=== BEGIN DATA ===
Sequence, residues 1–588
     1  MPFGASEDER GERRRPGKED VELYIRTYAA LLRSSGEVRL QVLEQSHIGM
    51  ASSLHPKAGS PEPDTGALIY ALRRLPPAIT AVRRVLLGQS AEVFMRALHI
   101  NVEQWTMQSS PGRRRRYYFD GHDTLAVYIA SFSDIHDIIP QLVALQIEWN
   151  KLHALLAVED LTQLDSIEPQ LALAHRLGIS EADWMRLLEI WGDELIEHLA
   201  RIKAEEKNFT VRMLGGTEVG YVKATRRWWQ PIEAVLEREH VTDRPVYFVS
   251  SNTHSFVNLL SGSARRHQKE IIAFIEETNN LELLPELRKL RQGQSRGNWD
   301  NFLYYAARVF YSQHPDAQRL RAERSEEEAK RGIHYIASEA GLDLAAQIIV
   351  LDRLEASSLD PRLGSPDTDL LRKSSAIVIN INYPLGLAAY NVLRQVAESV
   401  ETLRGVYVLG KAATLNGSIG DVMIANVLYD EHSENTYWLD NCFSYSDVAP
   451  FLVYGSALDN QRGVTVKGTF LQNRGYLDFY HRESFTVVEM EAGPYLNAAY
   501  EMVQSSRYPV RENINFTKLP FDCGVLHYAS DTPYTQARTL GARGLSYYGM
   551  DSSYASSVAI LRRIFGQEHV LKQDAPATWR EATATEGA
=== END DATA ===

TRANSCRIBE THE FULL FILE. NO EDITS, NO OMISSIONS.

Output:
Sequence, residues 1–588
     1  MPFGASEDER GERRRPGKED VELYIRTYAA LLRSSGEVRL QVLEQSHIGM
    51  ASSLHPKAGS PEPDTGALIY ALRRLPPAIT AVRRVLLGQS AEVFMRALHI
   101  NVEQWTMQSS PGRRRRYYFD GHDTLAVYIA SFSDIHDIIP QLVALQIEWN
   151  KLHALLAVED LTQLDSIEPQ LALAHRLGIS EADWMRLLEI WGDELIEHLA
   201  RIKAEEKNFT VRMLGGTEVG YVKATRRWWQ PIEAVLEREH VTDRPVYFVS
   251  SNTHSFVNLL SGSARRHQKE IIAFIEETNN LELLPELRKL RQGQSRGNWD
   301  NFLYYAARVF YSQHPDAQRL RAERSEEEAK RGIHYIASEA GLDLAAQIIV
   351  LDRLEASSLD PRLGSPDTDL LRKSSAIVIN INYPLGLAAY NVLRQVAESV
   401  ETLRGVYVLG KAATLNGSIG DVMIANVLYD EHSENTYWLD NCFSYSDVAP
   451  FLVYGSALDN QRGVTVKGTF LQNRGYLDFY HRESFTVVEM EAGPYLNAAY
   501  EMVQSSRYPV RENINFTKLP FDCGVLHYAS DTPYTQARTL GARGLSYYGM
   551  DSSYASSVAI LRRIFGQEHV LKQDAPATWR EATATEGA